THOUGHTS ON DRIVING
by Dana MacKenzie
Some thoughts on driving:
1. From about the third exposure to sheep on, as I enter the training area on lead, I ask the dog to “walk up” and “stop”, “walk up” and “stop” etc., as we approach the stock. Secrets:
a. This actually starts before you enter the training area, when you take your dog out of his kennel or crate. All you are trying to do is get your dog to include you in his thinking process. He must stop before he is allowed out of his crate, stop before you enter any gate and stop when you tell him too. Don’t forget to use a release word such as OK that gives him permission to move. Away from stock use a “stop” word then a “release word”. On stock you are teaching a specific word that means move directly toward your stock and a stop word.
b. Walk toward the stock in a manner to hold them in one place. You don’t want them moving.
c. Stop before you enter the flight zone. When you are just outside the flight zone you will release your dog or do whatever you have decided to do in training that day.
d. Small jerks on the lead without taking your eyes off of the stock will eventually stop the dog from keeping the lead tight.
e. Do not make eye contact with the dog, watch the stock. If the dog looks up at you and sees you looking at the stock he will look back at the stock.
f. As he gets better and starts to understand the command, let him move ahead on you still on lead. Then over a period of time let him start to drag a heavy lead so he thinks you are still attached.
g. He has done this every time he has gone to stock. When the time comes to actually begin driving (when his fetch is good) he will be miles ahead and understand the game. After all the only difference between this and driving is that the stock are moving.
2. Teach your dog to protect a feed pan. You will need a short lead say 4′, and hungry sheep that respect a dog. In your dog’s mind this is you and him against the sheep. Back up to a fence or a corner so you don’t have so much ground to cover. Kneel down next to your dog, point at the pan and encourage him to make aggressive moves toward any sheep that gets too close. Use the command “watch”. Most dogs will try to chase the sheep away thus the short lead. All positive training. When the sheep retreat congratulate your dog.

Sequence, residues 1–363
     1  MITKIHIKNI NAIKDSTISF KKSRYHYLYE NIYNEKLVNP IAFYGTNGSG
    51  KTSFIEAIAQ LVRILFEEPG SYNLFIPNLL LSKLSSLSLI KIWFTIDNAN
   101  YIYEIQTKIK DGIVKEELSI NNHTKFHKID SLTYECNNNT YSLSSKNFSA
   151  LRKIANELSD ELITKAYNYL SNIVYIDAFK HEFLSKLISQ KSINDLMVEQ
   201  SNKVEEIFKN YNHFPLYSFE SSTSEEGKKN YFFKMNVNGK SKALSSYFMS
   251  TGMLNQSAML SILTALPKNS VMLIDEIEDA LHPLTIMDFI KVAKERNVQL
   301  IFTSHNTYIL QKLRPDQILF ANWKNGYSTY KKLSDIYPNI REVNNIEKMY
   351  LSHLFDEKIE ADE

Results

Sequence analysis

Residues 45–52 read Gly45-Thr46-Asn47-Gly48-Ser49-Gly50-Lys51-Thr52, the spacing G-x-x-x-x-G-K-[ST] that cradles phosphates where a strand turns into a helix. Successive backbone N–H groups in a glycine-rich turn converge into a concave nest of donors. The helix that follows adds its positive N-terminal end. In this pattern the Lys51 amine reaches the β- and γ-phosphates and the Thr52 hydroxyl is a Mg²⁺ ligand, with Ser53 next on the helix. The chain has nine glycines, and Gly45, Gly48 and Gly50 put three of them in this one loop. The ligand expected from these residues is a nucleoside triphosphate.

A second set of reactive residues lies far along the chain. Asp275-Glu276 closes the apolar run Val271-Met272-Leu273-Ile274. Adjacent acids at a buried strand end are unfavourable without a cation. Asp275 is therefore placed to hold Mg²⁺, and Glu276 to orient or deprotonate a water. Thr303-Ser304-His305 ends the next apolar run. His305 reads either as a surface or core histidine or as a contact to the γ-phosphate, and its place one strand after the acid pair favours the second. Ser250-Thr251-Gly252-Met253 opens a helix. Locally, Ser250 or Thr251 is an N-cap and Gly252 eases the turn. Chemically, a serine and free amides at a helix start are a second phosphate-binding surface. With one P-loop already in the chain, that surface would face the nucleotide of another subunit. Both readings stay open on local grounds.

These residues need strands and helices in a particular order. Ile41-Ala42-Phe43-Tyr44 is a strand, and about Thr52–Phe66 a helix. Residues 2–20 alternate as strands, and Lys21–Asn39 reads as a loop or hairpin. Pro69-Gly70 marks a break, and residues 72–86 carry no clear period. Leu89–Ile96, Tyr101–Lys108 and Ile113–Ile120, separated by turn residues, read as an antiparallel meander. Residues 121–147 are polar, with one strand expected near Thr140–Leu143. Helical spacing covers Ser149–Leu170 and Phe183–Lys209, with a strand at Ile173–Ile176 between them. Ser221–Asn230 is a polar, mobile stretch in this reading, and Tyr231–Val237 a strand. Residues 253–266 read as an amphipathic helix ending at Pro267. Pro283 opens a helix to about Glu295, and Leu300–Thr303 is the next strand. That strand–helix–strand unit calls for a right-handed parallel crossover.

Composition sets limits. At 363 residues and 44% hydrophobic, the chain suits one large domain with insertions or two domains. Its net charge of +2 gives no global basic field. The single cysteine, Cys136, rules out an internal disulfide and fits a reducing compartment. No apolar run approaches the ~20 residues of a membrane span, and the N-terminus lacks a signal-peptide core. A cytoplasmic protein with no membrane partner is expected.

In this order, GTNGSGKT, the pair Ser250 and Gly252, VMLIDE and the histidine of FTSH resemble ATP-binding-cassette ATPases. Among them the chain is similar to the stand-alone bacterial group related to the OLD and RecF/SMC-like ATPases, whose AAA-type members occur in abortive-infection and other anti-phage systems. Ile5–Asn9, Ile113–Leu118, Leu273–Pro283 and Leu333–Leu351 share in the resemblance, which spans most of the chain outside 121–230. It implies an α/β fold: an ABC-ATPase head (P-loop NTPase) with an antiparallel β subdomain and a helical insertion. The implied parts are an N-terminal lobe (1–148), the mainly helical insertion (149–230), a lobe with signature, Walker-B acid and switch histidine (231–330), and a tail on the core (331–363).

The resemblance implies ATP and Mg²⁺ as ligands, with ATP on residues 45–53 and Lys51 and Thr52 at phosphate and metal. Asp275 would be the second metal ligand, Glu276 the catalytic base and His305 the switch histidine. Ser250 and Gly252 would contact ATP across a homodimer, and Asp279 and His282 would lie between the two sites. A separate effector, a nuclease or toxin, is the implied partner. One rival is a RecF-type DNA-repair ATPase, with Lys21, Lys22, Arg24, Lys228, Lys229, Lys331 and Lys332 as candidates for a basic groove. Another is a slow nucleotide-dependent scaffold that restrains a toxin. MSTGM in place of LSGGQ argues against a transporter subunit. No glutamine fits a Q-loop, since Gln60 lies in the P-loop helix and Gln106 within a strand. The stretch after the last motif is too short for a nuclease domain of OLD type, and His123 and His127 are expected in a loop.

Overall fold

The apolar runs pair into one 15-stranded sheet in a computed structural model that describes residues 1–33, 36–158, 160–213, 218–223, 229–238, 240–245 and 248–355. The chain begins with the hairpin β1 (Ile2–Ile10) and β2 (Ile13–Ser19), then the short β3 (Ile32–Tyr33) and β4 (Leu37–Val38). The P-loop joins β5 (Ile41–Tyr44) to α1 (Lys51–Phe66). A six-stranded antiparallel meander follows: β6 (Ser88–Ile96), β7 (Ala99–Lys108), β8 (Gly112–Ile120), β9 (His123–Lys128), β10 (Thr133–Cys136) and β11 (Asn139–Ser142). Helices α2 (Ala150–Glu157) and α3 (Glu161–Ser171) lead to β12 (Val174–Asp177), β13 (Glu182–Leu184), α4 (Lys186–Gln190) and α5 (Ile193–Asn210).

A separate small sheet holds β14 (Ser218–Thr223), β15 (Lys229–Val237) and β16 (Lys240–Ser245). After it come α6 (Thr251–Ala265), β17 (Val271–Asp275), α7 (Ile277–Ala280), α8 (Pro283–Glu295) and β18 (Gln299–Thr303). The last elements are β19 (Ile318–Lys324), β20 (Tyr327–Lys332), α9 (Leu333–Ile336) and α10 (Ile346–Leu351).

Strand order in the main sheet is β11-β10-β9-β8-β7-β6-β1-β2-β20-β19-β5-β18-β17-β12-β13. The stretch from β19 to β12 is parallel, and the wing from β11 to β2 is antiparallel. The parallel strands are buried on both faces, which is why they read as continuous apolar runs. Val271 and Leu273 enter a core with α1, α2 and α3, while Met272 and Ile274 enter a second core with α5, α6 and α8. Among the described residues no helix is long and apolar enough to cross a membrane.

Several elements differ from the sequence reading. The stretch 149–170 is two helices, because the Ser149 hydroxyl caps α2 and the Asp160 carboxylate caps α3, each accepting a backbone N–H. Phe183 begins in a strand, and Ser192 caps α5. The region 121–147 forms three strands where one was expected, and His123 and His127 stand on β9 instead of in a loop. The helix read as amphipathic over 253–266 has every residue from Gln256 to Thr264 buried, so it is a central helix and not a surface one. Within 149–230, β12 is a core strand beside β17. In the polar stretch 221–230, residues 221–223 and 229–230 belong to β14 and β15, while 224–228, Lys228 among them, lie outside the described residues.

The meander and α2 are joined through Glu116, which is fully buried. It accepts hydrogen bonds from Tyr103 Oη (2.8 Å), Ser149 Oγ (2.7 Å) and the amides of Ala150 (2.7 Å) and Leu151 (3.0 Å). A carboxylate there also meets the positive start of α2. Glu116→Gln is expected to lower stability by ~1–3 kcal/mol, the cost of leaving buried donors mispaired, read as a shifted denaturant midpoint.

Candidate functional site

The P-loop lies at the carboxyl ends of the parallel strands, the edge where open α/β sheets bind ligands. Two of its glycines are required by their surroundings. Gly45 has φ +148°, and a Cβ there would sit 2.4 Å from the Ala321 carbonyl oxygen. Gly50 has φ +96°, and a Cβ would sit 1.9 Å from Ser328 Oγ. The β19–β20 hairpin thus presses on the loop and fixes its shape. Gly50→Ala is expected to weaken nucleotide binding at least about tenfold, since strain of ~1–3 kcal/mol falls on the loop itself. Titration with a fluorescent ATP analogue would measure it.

Aussies love this exercise and it actually develops a degree of eye as they learn to dare the sheep to approach the pan. As the dog gets better and starts to understand the exercise, move the pan away from the fence and start to help out less and less. This exercise teaches the dog to read and respond to push from stock in a calm, cool manner when he is in the drive position. Also translates into holding a gate and protecting you from dangerous animals anytime, not only when you feed. The stock will never crowd you again.
3. Driving and fetching are opposing things.
a. Always start and end your training sessions with a nice relaxing fetch otherwise you will lose it. Follow this sequence: Fetch, stop the action, throw in a few driving steps, stop the action, then go back to fetching. As your dog starts to understand you can extend the driving time. You stress (teach) the new, unfamiliar move and relax with the familiar. Too much stress blows an animal away.
b. Do not use commands until your dog understands what he is doing (holding against pressure with you on the same side of the stock he is on). Dogs are smart; they will wait for you to tell them what to do rather than using their head. You will think they are driving but they are not understanding.
c. If there is one secret to driving it is that driving and fetching must be divided into two things in your dog’s mind. Never let your dog decide when to change from driving to fetching. If he does he will never be reliable. It must be your decision. Action must stop between the two things in the beginning.
d. Driving normally messes up a dog’s head for about 6 months then they sort it all out. But if you do not divide driving and fetching up in training, he may never sort it out. You will end up with a dog that does neither thing and will run and split up his stock in frustration.
4. Start actual driving with a flock of slow moving stock. If they run off you excite a bunch of things in your dog you would rather leave hidden at the moment. Also you teach nothing positive by letting the dog lose his stock or by letting him go get them in an unorganized manner. If slow stock is not available devise a pen situation where they can’t run off. Alleyways with your dog on a loose lead are great teaching tools. No matter what you use, don’t forget to relax with a fetch and make your driving sessions short.
5. Dogs understand jobs. They do not understand drilling or panels. They read pens loud and clear. Let your dog finish a job and love on him for a job well done. Put the stock in a pen. Don’t decide the training session is over and catch your dog and let the stock run off.
6. Your training attitude should always be, “it’s you and me, dog, against the world”. If something isn’t working, it’s not the dog’s fault, it’s yours. Figure it out, then go for it. Stretch out and grab that sky.
This article first appeared as a post on the Yahoo group Aussie-Herders.